What does "POD" mean? Or "TOD"?
While they are not acronyms used every day by most of us, they are important ones for financial purposes. They stand for "payable on death" and "transfer on death" and refer to the process of transferring the balances of certain types of accounts to a new owner when the original owner passes away. This may be a worthwhile way to ensure that certain funds go where you want them even though you've already had your will prepared.
This type of designation can be added to a checking, savings or stock account by the financial institution holding the account, at your request. Doing that does not give the future recipient any control over the account now. The individual will receive the funds in them only when you have passed away. Certificates of deposit can also have the POD designation added to them.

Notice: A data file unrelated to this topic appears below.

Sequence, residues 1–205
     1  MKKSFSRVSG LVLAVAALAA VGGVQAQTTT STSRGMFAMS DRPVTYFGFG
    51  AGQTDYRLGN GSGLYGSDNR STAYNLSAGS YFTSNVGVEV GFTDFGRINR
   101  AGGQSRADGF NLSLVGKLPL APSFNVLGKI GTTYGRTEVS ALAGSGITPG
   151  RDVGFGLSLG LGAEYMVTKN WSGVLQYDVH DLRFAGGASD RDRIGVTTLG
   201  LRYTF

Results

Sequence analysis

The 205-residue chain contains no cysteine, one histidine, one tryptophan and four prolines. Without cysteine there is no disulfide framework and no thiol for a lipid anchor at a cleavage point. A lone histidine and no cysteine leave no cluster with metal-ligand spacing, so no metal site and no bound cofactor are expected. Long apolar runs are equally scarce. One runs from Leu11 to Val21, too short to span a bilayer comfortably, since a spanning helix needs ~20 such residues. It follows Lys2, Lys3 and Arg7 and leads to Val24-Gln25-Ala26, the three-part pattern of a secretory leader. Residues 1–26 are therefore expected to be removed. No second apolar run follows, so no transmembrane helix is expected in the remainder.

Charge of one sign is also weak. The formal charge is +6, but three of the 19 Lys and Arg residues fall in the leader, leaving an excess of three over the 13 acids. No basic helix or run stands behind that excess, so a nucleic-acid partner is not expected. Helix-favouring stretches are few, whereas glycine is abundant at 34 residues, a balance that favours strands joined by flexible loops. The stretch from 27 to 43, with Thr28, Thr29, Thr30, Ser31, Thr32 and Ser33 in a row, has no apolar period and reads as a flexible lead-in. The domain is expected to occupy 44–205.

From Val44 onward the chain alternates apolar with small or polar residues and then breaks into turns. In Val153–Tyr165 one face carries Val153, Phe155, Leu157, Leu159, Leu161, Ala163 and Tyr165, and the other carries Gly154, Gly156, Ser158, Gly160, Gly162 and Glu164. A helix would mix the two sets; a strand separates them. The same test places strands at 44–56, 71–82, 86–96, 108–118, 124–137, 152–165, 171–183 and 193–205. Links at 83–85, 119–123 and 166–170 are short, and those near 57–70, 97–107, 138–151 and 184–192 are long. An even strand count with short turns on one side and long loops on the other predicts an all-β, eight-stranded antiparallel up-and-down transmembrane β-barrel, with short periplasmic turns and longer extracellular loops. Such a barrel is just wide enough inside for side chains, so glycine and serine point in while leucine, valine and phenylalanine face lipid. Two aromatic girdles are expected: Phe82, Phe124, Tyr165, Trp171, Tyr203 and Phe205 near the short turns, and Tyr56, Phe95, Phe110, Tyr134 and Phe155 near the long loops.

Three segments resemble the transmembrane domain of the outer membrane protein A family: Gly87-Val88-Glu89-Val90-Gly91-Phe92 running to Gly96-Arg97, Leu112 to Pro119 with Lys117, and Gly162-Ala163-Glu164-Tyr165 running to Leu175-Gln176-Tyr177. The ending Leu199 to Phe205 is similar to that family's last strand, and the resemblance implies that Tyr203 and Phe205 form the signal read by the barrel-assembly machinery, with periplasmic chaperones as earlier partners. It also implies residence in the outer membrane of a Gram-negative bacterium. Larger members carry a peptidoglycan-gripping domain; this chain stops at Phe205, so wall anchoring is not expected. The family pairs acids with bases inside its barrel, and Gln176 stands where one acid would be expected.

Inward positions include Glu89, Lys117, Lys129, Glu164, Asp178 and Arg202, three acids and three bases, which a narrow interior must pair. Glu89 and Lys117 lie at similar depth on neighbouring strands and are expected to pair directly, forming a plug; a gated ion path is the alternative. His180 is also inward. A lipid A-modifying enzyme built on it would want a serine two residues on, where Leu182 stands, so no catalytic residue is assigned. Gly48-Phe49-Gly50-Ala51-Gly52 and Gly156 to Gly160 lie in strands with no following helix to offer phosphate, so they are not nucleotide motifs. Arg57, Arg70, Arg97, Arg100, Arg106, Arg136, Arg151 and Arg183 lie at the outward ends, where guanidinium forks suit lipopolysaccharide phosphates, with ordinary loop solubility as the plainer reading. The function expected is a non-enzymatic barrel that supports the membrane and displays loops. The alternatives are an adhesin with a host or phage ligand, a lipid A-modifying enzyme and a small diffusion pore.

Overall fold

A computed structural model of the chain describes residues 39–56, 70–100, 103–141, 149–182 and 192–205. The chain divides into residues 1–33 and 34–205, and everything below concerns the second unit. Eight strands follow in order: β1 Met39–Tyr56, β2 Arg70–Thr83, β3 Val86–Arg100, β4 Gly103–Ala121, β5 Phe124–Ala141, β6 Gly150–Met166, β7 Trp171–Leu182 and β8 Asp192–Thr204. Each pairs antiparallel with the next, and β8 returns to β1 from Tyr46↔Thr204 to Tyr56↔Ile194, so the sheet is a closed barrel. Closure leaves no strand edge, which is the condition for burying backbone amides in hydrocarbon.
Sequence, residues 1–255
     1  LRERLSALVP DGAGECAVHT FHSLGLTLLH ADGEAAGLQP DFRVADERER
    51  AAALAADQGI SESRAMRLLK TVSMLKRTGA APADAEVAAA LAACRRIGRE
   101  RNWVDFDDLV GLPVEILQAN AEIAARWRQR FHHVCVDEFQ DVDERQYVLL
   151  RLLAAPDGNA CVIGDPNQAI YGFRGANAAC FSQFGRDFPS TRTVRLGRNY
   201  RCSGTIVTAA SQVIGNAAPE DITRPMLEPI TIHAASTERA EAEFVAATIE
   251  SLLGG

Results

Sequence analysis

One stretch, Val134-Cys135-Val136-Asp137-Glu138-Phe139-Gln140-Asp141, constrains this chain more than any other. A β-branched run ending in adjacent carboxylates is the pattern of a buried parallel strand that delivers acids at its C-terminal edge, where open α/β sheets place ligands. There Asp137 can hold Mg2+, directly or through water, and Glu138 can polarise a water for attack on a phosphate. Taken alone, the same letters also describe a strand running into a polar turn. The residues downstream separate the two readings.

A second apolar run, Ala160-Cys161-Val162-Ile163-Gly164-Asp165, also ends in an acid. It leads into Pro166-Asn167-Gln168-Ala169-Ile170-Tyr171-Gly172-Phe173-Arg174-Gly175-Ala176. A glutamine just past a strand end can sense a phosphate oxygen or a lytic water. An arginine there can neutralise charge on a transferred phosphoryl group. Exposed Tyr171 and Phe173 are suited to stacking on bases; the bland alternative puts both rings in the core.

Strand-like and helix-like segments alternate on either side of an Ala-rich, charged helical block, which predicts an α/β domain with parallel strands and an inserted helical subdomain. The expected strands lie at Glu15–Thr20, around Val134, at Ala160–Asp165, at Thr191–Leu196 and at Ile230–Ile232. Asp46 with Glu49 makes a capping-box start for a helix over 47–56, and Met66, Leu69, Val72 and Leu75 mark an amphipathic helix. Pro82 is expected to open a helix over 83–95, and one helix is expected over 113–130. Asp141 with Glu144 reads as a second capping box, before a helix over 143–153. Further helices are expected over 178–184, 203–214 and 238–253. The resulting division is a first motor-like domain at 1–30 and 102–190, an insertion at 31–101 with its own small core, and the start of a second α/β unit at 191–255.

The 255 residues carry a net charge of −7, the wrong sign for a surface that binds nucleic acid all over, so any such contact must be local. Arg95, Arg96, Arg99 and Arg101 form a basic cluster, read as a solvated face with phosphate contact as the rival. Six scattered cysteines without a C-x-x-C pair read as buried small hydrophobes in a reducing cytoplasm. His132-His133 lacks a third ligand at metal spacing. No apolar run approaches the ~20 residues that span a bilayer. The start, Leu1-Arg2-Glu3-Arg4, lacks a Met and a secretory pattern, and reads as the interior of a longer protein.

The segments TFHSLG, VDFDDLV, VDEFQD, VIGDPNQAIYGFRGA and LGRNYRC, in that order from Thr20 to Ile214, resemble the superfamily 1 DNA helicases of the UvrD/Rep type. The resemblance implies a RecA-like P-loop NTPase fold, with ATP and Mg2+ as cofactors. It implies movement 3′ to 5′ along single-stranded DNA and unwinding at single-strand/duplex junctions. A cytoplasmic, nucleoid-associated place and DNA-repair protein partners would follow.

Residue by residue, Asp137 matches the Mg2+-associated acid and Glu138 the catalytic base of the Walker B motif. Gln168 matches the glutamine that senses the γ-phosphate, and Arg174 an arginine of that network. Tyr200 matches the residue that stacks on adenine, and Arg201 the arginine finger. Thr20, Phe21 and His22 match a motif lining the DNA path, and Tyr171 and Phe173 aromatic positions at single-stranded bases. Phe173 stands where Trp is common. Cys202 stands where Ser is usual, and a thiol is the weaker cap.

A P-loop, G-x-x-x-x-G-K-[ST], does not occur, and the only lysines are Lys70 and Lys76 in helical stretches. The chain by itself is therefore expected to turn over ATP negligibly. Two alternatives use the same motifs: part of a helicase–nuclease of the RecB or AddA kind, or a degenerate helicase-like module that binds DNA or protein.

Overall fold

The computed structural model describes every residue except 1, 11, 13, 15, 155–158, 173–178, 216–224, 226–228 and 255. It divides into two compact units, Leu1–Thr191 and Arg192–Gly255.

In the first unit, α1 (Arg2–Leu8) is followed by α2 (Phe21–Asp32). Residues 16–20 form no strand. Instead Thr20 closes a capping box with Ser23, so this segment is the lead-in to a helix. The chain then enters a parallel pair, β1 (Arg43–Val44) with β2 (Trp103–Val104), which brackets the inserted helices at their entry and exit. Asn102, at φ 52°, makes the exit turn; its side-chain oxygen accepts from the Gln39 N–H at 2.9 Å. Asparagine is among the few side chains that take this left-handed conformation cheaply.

If you add, for example, "POD Mary Smith" to your checking account, then the remaining funds will be transferred to Mary only when you pass away. Mary will have no ability to use the funds until that time.
Also, doing this can speed up the administration of the estate and lower the administrative costs. Consult your financial adviser to make sure that these changes will not hurt your overall estate plan.
Nonprofit organizations can be made the POD or TOD recipient of any of these accounts also. It can be a way to carry out your personal dream for helping the organization without affecting how those funds are used during your lifetime. It is easy to do and does not require the assistance of an attorney.